News / Utah / 
A homeless man bundles up near a fire on 700 South in Salt Lake City on Tuesday, Nov. 10, 2020. The Kem C. Gardner Policy Institute on Tuesday published a report identifying major problems within the state’s current homeless governance structure.

Jeffrey D. Allred, KSL, File

Utah's religious leaders want to find solutions to state's child homelessness problem

By Lauren Bennett, | Posted - Jan. 13, 2021 at 6:11 p.m.

SALT LAKE CITY — A recent report from Utah's Crossroads Urban Center found that young children experiencing homelessness are more likely to struggle in school and be exposed to domestic violence along with other abuses; Utah's religious leaders want to do something about it.

The Coalition of Religious Communities met with state legislators Wednesday to discuss policy solutions to the serious problem facing the state.

"Christ tells us that our community work as Christians must be about blessing our children," said Rev. Joan Bell-Haynes, the executive regional minister of the Central Rocky Mountain Region for the Disciples of Christ church.

A total of 6,698 individuals from families with children received homeless services in the state in 2019, and 4,212 from that same demographic received services during the first six months of 2020, according to a report from the Crossroads Urban Center. Researchers hypothesized that the COVID-19 pandemic made some hesitant to use services.

The Church of Jesus Christ of Latter-day Saints also announced Wednesday its efforts to combat homelessness in Utah with a $3.3 million donation to five organizations that provide shelter and other services to the state's homeless population.

"We reach out to all of God's children without exception," Bishop W. Christopher Waddell, first counselor in the Presiding Bishopric, said in a statement. "As a church, one of our priorities is caring for those in need, and we can't do it on our own."

Thousands of children aged 6 and younger received homeless services in the state in 2019 and in the first half of 2020, with a total of 4,254 young children in the state receiving the same services from 2017-2019.

"Gandhi once said: 'The true measure of any society can be found in how it treats its most vulnerable members.' If we were to measure ourselves right now as we see statistics of homelessness on the rise across our country and state, especially the economic crisis so many individuals and families are experiencing due to COVID, we would have to admit we are far from the ideals we hold for our common life," said Rev. Karen Oliveto, bishop for the United Methodist Church's Mountain Sky Area.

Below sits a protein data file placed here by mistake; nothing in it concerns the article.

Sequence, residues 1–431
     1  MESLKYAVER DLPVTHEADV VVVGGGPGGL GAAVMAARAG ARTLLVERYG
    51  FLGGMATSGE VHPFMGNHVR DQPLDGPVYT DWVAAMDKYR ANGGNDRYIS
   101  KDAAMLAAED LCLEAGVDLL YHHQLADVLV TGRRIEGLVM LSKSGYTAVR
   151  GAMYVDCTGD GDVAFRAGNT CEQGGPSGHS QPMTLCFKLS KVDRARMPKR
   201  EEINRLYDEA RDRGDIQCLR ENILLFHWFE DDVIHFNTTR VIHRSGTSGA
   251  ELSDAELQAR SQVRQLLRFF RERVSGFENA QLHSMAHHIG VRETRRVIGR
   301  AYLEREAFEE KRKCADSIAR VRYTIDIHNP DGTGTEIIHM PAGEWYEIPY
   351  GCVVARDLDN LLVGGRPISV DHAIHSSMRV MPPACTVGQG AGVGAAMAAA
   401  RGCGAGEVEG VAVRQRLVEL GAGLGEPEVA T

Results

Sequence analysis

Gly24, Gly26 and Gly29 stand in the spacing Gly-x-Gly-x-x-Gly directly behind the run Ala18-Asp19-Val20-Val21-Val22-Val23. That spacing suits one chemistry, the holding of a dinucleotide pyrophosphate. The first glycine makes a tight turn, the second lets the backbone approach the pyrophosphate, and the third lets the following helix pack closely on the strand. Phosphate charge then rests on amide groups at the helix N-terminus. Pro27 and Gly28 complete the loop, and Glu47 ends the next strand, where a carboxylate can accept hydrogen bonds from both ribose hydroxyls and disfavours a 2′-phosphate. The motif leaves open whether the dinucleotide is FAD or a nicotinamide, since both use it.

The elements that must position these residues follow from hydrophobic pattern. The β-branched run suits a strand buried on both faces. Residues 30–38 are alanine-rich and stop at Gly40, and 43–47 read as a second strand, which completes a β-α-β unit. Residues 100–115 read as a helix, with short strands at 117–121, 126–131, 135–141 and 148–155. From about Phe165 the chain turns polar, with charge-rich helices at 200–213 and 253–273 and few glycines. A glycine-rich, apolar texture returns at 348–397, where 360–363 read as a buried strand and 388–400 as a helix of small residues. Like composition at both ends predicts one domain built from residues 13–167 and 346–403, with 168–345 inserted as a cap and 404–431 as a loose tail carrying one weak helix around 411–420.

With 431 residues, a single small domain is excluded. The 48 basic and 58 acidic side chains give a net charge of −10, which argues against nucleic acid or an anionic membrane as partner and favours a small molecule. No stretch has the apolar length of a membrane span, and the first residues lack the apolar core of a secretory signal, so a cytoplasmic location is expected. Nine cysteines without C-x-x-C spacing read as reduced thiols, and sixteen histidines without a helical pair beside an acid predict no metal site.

Building critical infrastructure and addressing the state's affordable housing crisis are tangible steps the state should take to combat homelessness among children, said Sen. Derek Kitchen, D-Salt Lake City.


"The lack of affordable housing also impacts our opportunities for economic growth. Having affordable housing is a critical component of diverse and stable economic health in the state of Utah," he said.

Sen. Luz Escamilla, D-Salt Lake City, said addressing the issue of homelessness requires a holistic approach that brings housing stability, food stability, and health coverage.

"We have to invest in families and children and people in the human capital," she said. "The state of Utah continues to be so proud of being the best-managed state; I think we want to be also the state that invests in people the best way, and we're certainly not there yet."

Last year, the state legislature drafted a bill that would allocate funds to affordable housing. But, a lot of that housing funding was pulled back due to the novel coronavirus pandemic, Kitchen explained.

"If we're gonna build 2,300 units with $15 million, that would have provided an enormous safety net for these families — families that are experiencing homelessness and that are drawing on our critical services and, really, living in the rough."

Kitchen says one of the first steps lawmakers should take is securing back that funding for affordable housing. Newly-elected Gov. Spencer Cox recently released his governor's budget proposal, which did not restore the funding that was stripped in May. It's something Kitchen called "unfortunate."

"We really need to be bold, we need to be imaginative, and we need to look at what we have in front of us. We have the cash; it's a matter of priorities," he continued. "The pandemic, itself, has created serious concerns for how people will continue to pay their rent and mortgages, and it's important that we, as leaders, step up with solutions."

Lauren Bennett


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